In third place, breaking cables takes a bow. This is primarily due to their exposure to the elements as most of the cable terminus is set outside. Cables only have a certain life-span which means if they’re not used regularly, they’ll rust. To prevent this, you can grease the ends of the cable if leaving the boat for long periods of time, and always check the operation before you set off; if there’s any roughness or stiffness then it might be time to call into a marina to pick up a new one. When fitting, make sure that any bends in the cable are as minimal as possible as these will be the areas which suffer high stress and are likely to fail in the future.
4. Over-heating and Cooling Systems
Fourth place goes to a failure in the cooling systems which lead to the engine over-heating. The most common cause is due to an air-lock in the system which is simple to identify and resolve. To identify if this is the issue, feel the top and bottom of the swim tank, if everything is working fine there should be a difference in temperature, if not then both top and bottom will be hot or cold. To remedy this, locate and unscrew the bolt that sits on top of the ‘swim’ tank and this will release the air locked in the system. However overheating can be caused by many issues from a coolant hose rupturing, (look for leaks) a water pump failing or a fan belt shredding (which drives the water pump) or the worst case, a head gasket failing.
5. Alternator Issues
There are a number of factors that contribute to alternator failure, from poor battery conditions resulting in the alternator working harder to charge the batteries, to battery management systems that over work the alternator to keep batteries continually charged up. Ultimately, one of the biggest issues is that alternators operate in a damp, hot environment, which is not healthy for any electrical product.
Like starters, they’re often left for long periods during the year and then used continuously for short periods. During this ‘down period’, rust can develop and affect operation. There’s no way to prevent this occurring other than to correctly winterise your vessel and regularly visit the boat and run the engine. This year’s call-out increase could be down to the amount of damp and rain, especially if water has ended up in the bilges. If your bilges are full of oil and water, this will be thrown over the alternators when the engine is running and as they are electrical components, the oil and water will bring about their early failure.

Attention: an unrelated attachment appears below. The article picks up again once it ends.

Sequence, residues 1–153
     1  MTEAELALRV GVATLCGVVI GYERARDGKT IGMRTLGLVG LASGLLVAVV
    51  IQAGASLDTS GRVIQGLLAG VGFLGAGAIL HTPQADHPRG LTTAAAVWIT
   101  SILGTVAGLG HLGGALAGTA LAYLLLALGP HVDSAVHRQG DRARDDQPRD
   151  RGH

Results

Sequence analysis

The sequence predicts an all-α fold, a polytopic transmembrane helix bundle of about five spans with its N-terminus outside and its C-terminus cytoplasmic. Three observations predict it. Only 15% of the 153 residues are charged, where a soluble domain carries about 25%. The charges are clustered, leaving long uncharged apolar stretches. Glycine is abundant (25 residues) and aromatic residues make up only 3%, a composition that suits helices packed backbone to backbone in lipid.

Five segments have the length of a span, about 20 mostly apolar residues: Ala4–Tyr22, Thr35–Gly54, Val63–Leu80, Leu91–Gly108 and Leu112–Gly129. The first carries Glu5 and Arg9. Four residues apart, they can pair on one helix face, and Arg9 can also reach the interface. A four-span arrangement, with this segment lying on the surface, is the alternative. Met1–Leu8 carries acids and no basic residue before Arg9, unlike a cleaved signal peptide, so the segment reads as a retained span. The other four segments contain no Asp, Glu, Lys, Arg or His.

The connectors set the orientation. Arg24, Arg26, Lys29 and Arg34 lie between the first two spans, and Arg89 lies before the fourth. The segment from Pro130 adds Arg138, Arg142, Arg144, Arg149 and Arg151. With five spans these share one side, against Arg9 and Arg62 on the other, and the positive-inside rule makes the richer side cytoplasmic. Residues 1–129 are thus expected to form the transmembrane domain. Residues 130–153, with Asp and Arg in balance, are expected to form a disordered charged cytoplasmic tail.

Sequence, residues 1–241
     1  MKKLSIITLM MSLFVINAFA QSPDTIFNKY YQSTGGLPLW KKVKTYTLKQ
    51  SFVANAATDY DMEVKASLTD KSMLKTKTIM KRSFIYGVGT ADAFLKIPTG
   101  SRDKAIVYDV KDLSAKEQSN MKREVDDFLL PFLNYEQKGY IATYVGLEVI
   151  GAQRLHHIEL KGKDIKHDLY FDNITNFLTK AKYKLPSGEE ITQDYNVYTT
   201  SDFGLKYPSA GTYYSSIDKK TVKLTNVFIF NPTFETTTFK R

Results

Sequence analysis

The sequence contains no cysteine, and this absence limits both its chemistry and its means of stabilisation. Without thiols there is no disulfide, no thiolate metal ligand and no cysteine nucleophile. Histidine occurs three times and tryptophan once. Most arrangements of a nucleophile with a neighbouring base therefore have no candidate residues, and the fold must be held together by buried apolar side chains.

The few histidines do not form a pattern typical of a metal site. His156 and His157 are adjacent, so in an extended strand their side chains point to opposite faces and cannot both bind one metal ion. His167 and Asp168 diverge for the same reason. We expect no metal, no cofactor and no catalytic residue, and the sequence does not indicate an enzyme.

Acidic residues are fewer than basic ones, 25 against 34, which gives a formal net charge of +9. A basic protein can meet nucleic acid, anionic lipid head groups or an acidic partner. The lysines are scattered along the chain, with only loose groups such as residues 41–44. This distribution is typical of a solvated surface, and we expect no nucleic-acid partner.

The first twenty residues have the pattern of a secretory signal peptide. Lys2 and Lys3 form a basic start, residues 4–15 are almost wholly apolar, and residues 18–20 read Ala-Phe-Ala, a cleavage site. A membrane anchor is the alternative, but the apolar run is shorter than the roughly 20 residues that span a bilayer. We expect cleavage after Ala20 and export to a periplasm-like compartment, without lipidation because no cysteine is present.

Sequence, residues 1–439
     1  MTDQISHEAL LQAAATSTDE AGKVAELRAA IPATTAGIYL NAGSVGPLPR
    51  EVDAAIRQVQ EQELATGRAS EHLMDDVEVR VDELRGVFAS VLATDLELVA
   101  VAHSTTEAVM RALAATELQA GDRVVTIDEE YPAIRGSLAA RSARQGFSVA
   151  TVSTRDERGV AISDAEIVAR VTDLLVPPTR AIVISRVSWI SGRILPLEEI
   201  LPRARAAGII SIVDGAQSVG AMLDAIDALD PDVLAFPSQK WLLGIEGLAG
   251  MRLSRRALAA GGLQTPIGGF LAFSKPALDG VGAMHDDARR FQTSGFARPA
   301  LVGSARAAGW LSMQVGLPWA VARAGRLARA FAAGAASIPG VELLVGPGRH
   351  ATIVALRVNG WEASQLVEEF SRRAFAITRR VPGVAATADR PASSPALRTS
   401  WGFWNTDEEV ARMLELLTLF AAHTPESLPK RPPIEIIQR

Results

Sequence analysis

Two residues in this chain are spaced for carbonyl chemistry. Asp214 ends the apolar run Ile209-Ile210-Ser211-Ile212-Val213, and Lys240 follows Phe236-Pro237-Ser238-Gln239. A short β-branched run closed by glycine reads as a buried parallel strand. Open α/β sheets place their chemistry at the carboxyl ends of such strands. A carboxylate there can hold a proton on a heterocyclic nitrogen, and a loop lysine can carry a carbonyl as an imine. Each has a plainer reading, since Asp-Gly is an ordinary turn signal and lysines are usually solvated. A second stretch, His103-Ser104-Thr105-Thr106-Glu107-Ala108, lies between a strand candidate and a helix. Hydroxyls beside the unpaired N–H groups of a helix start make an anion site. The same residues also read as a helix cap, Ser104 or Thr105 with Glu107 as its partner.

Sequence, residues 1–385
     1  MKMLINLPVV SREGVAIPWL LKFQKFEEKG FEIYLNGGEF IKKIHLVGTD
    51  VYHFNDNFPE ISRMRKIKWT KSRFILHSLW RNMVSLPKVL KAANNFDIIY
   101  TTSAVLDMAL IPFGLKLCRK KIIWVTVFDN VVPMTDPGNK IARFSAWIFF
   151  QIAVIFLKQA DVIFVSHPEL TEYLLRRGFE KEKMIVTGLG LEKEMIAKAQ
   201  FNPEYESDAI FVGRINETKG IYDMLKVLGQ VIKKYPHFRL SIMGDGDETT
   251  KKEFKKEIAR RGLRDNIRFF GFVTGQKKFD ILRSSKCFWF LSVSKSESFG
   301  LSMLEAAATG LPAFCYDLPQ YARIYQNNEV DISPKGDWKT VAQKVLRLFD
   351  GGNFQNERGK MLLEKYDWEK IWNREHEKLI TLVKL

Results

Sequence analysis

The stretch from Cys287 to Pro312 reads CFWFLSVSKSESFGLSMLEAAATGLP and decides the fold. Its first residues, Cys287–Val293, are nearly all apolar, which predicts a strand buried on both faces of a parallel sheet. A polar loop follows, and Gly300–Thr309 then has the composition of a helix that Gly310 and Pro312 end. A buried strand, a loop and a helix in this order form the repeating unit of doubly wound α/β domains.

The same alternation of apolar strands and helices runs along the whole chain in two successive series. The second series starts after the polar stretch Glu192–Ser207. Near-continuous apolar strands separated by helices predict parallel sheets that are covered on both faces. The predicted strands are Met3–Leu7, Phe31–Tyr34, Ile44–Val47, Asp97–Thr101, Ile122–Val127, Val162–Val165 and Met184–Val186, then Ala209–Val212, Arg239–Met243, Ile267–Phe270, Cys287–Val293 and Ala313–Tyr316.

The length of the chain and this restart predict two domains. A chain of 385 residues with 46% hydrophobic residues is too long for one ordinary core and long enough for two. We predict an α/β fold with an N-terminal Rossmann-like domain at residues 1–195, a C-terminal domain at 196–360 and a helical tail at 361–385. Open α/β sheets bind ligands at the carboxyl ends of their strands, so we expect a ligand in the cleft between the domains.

If you don’t understand the workings of your engine or fail to service and maintain your boat, then it’s likely, at some stage, you’ll end up stranded. Lack of engine knowledge, gearbox /drive plate failures and faulty fan-belts, starters, propellers and couplings appear to be responsible for their fair-share of call-outs. In the majority of cases the ‘emergency’ could have been avoided with a little ‘know-how, by giving the boat a ‘once-over’ or simply carrying spares.
River Canal Rescue runs monthly Engine Maintenance courses providing ‘hands on’ experience in dealing with common issues and how to service your engine. Check their website for dates.
Know your engine – common issues
Most owners believe the only way to turn off a boat’s engine when the switch fails (invariably causing a panic) is to turn off the fuel. However, most vessels have a manual stop button or lever located on the right hand side of the engine, half-way down. Using this instead of the fuel shut off will allow you to restart and continue on your journey without having to bleed your fuel system.
With Beta and Vetus engines a common issue is that the engine will not turn off or that the engine is completely dead. To resolve this, locate the wiring loom running across the top of the engine and identify a ‘bulge’. Peel back the rubber covering and you will find a block connector– just pull the connection block apart and then put it back together. This should rectify the situation. It’s easy when you know what to look for, so spend time scrutinising your engine before a failure occurs.
In contrast, if the engine is ‘dead’, it could be the isolation switches. If they’ve been left ‘idle’ for a while, it could be due to a corrosive build-up, simply switch one way and then the other, or spray with WD40 before you set off.
Bilges – as mentioned earlier, if your bilges are full of oil and water, this will end up being thrown over the engine – and if it gets into the engine, the consequences could be disastrous (it’s also not a nice place for engineers to work). As well as starters and alternators, it also tends to affect drive plates if the oil/water mixture gets into the bell housing.